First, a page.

The Rare Disease Implementation Plan for Northern Ireland has been launched

We are delighted to announce that last week Simon Hamilton, the Northern Ireland Executive Health Minister, launched ‘Providing High Quality Care for people affected by Rare Diseases – The Northern Ireland Implementation Plan for Rare Diseases’. The Plan reaffirms Northern Ireland’s commitment to effectively implement the UK Strategy for Rare Diseases and ensure that people living with a rare disease have access to the best evidence-based care and treatment that health and care services, together with charities, research and industry can provide.

The Plan identifies a range of actions to be taken forward in Northern Ireland during the period 2015-2021 in relation to the 51 Commitments in the UK Strategy for Rare Diseases. Northern Ireland follows Wales and Scotland in detailing how they plan to address these commitments.

The actions committed to by the Department of Health, Social Services and Public Safety in Northern Ireland (DHSSPS) include (but are not limited to):

  • A continued commitment to work with their patient partners, including our partners in Northern Ireland the Northern Ireland Rare Disease Partnership (NIRDP) and other patient groups.
  • An agreement to consider adopting the Generic Rare Disease Annex for all service specifications, currently being developed by NHS England, which will outline requirements and considerations that need to be made for rare disease patients (including in diagnostic pathways and specialist centres).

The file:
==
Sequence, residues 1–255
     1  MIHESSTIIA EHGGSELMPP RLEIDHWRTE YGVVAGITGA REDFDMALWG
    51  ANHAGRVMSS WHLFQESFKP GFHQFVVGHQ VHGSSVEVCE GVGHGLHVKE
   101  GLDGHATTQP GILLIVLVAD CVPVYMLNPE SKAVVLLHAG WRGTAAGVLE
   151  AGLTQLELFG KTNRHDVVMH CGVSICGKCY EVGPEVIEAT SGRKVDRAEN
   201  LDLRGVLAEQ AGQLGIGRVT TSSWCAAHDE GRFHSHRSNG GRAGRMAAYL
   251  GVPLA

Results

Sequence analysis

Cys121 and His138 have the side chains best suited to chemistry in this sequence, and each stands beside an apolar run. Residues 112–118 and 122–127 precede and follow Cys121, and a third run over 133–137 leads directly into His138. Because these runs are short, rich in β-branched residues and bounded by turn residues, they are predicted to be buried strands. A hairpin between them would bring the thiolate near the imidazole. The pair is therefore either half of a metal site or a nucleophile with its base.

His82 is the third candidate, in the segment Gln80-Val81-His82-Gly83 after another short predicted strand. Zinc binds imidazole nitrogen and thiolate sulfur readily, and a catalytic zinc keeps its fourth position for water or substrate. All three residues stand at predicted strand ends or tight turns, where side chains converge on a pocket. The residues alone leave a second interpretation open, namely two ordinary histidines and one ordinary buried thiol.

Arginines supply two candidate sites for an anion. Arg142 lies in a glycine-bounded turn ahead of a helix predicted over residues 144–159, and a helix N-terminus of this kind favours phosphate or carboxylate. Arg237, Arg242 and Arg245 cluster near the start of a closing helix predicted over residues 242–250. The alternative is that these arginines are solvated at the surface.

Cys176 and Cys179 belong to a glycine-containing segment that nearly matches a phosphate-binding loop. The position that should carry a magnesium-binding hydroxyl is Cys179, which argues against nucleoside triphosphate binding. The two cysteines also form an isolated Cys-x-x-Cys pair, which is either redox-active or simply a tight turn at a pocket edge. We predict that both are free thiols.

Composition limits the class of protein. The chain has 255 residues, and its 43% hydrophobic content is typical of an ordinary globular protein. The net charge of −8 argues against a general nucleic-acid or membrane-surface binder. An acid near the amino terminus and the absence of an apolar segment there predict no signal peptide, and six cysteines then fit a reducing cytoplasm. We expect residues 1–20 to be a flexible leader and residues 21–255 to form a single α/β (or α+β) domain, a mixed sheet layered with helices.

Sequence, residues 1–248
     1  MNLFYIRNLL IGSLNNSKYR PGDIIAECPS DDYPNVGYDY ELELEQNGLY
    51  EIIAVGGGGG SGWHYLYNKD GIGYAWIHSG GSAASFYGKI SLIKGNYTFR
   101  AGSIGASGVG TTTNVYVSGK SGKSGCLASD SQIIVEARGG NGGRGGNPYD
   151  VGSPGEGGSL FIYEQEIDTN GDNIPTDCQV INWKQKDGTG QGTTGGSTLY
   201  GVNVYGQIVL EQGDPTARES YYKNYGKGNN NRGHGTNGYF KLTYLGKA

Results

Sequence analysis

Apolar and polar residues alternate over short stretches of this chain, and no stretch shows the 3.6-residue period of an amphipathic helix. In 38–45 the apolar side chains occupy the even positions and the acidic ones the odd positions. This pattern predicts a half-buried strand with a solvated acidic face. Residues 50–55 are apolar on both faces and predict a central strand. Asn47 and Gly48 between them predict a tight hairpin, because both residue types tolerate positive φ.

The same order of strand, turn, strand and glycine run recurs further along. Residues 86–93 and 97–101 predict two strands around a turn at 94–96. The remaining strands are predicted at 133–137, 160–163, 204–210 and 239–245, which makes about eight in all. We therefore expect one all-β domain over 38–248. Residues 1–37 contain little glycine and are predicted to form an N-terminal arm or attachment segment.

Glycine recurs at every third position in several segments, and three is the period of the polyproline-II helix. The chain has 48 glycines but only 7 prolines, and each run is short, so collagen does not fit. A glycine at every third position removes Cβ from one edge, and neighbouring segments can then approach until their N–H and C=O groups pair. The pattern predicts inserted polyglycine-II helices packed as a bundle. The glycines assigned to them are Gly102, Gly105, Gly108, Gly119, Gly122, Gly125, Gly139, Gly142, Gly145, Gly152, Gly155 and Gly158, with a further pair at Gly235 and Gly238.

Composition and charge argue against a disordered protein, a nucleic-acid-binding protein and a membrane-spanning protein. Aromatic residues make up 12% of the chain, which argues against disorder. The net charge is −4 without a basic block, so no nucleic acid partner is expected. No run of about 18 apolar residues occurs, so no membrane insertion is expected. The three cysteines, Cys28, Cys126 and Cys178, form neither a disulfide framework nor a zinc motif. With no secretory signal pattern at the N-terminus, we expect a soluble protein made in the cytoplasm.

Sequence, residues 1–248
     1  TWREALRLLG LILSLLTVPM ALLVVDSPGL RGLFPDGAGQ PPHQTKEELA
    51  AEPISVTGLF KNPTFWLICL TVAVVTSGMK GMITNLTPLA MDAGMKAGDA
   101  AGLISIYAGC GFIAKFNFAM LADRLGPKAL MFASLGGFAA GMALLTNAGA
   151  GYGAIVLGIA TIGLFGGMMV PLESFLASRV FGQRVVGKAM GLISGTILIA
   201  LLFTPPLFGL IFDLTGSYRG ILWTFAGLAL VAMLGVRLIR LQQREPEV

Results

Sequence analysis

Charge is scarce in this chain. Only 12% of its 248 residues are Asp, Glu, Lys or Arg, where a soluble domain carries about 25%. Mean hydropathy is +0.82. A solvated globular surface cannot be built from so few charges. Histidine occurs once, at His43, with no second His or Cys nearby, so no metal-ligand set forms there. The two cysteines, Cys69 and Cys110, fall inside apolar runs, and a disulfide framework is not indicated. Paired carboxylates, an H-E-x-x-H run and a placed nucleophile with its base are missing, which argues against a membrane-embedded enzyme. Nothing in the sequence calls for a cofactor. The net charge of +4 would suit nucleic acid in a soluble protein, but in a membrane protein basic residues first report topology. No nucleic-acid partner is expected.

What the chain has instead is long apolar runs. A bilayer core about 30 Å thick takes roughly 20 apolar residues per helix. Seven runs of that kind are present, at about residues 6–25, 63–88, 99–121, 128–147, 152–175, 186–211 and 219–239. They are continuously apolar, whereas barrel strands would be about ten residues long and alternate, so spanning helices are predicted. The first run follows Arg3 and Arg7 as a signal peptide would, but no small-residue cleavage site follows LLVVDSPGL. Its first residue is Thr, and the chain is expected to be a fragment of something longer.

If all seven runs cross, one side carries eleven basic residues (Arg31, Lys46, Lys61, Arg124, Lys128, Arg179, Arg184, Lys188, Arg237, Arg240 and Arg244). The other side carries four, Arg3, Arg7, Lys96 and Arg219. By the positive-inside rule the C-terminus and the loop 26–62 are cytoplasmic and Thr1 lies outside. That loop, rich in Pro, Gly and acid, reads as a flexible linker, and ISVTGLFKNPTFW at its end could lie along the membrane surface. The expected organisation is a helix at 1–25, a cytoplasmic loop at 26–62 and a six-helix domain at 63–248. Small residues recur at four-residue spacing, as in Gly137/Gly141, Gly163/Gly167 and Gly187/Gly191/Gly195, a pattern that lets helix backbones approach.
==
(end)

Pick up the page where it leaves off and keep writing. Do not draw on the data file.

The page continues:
• Identifying genetic services as a priority for progress and working to develop a service specification for medical and clinical genetics – which should enable all individuals with genetic conditions to access the tests they need to get a diagnosis.
  • Steps to facilitate the creation of a Northern Ireland register of rare diseases – this could help provide important information about the frequency and nature of rare diseases.
  • The announcement of a £3.3million investment in the establishment of a Genomics Medicine Centre in Northern Ireland, working with Genomics England, and participating in the 100,000 Genomes Project.
  • Work to identify areas which would benefit from cross border collaboration with the Republic of Ireland to maximise patient benefit.

To read all of the actions proposed by the DHSSPS please look at the plan.

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